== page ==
• And it’s SUCH bullshit to call someone “weak” for having any mental illness, and make fun of them for wanting to manage it better, and have the support of their communities in doing so. Also bullshit: centering an author’s goal to “challenge” readers at the expense of those who would re-experience their trauma by reading the material. Challenging material is not automatically better than other material. That’s just elitism. Personally, I like to have a variety of material available.
  • Again, this is especially important in communities and discussion settings, like blogs and panels. And we’re aware that you may not know all of our personal triggers—we don’t expect you to. But there are some things that are pretty widely known to be triggering, and that’s what we want others to try their best to warn us about.
  • It is worth being more specific than just whether or not sexual violence is discussed. That is a broad topic, and can contain many different triggers of varying degrees. Is it just a discussion, or is there actually a rape scene? It can be hard to tell.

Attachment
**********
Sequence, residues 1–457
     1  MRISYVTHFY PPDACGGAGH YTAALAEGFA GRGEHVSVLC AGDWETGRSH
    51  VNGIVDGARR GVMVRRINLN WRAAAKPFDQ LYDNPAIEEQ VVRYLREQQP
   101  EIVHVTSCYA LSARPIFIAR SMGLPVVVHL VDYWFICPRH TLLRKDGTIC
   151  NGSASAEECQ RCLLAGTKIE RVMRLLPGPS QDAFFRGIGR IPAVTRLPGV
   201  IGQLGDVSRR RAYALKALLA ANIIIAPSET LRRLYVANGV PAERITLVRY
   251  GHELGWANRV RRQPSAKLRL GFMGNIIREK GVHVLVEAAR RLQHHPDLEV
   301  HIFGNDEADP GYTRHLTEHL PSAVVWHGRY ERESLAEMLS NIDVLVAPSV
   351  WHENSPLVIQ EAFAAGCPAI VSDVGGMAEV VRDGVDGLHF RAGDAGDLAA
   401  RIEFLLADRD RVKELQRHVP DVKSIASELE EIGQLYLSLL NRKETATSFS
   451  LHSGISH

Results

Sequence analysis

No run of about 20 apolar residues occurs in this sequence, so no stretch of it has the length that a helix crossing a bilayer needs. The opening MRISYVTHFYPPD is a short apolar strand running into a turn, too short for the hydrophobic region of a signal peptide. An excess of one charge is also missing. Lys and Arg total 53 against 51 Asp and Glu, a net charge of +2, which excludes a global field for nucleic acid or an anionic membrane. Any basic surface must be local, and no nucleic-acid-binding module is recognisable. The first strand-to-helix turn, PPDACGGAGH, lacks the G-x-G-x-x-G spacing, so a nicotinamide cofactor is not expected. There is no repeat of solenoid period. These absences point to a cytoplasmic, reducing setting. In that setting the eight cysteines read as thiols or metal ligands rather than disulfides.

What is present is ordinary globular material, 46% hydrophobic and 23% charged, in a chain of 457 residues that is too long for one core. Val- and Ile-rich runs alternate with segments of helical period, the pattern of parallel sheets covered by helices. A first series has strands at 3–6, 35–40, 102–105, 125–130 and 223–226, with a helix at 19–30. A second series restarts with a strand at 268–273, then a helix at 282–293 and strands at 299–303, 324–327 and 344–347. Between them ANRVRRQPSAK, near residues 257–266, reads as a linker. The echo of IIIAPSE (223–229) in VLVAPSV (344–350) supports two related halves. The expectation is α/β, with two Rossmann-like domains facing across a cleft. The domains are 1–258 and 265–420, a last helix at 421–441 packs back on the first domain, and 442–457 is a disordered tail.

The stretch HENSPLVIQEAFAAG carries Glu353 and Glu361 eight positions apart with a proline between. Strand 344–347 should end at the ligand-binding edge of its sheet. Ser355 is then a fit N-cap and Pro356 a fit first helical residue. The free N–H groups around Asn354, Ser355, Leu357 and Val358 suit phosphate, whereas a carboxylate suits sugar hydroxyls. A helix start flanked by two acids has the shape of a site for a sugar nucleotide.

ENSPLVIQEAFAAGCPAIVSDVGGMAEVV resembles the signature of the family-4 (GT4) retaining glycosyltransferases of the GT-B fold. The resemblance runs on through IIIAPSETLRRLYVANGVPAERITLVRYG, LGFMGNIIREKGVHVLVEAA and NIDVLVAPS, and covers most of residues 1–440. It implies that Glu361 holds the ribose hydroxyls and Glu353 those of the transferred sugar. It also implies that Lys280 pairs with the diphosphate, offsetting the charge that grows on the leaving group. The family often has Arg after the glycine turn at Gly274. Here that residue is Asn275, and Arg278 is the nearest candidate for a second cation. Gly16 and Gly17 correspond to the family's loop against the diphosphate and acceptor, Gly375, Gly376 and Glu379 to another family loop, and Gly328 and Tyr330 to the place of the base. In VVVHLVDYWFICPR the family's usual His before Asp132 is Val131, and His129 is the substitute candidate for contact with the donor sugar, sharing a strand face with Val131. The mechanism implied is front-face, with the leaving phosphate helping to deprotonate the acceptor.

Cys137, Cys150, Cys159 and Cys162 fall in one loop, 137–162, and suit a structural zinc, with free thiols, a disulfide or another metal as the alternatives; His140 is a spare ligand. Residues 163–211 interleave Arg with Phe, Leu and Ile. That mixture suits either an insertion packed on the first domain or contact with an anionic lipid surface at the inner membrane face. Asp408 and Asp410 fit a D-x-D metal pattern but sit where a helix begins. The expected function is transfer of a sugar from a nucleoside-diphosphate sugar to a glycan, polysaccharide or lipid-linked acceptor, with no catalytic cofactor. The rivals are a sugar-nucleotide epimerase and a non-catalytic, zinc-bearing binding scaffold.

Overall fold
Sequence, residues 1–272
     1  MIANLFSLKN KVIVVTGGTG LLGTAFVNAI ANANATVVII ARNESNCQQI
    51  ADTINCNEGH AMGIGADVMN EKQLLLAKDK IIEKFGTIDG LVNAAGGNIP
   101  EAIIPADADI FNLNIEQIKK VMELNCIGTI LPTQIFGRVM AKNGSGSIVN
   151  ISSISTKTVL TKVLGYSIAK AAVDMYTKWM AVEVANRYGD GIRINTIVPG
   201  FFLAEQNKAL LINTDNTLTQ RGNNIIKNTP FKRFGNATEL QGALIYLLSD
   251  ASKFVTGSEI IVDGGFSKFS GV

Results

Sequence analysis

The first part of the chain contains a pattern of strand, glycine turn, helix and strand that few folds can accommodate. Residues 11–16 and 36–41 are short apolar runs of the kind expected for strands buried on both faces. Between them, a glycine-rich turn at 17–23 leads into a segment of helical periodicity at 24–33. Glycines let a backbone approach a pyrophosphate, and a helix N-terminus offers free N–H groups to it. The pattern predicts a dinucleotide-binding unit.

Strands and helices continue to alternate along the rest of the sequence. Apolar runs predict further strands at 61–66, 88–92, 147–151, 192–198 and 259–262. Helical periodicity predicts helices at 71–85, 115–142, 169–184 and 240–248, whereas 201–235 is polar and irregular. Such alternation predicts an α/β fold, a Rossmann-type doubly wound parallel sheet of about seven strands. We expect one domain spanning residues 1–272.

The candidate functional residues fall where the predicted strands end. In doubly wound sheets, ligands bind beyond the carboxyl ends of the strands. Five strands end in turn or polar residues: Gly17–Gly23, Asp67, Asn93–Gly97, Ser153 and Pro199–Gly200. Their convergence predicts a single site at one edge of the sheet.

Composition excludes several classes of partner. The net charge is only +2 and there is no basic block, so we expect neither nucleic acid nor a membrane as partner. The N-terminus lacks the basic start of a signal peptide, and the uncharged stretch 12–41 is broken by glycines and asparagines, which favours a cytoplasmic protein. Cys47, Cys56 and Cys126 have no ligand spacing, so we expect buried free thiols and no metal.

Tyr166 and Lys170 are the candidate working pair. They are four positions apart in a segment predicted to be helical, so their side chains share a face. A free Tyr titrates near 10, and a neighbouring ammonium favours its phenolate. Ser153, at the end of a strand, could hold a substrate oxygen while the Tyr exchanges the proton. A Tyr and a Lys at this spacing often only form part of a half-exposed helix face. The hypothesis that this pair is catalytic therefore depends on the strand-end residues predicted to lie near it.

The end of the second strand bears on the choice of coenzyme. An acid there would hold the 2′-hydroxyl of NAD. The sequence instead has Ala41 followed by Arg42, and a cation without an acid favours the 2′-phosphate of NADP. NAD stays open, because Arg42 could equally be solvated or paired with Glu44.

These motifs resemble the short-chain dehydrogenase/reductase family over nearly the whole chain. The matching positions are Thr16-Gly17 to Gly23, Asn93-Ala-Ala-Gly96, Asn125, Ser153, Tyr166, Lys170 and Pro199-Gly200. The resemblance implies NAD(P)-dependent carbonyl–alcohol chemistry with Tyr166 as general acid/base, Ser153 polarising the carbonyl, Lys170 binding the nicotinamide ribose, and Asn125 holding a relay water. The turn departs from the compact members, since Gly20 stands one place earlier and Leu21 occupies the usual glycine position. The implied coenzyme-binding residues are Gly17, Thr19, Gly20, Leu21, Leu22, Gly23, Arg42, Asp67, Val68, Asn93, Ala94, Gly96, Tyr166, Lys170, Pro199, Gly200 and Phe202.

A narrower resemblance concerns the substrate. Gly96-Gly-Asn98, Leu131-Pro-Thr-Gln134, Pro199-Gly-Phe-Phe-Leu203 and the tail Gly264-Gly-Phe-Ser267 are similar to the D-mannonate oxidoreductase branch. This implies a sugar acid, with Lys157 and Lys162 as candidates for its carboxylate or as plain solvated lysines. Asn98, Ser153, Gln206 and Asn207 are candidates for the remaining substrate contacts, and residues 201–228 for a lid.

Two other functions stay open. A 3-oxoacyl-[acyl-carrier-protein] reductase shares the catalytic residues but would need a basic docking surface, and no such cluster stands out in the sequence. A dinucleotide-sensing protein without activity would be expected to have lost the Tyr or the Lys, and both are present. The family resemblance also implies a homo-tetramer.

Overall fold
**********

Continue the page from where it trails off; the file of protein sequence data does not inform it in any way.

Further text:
• It’s worth mentioning things that could be triggering to some readers in book reviews—or if you are the author, making spoiler-tagged statements about what sort of triggering material readers might come across.

So what are your thoughts? Are there any specific trigger warnings that would be helpful, but you find often go unmentioned? I’d like to compile a list of trigger warnings for others to consult before publishing blog posts, to make it easier for those with no experience with trauma or other mental illnesses to actively include and show support for us.

Safe Spaces

Consider this a follow-up of sorts to my post on privilege and the tumblr crap that’s been going on lately. Most of what I was going to add to that post I already said in the comments, but I want to highlight one part of the discussion. Jay, who showed up in that post to uh, “defend” the Privilege-Denying Asexuals tumblr (but actually ended up just proving the point of my post), said this: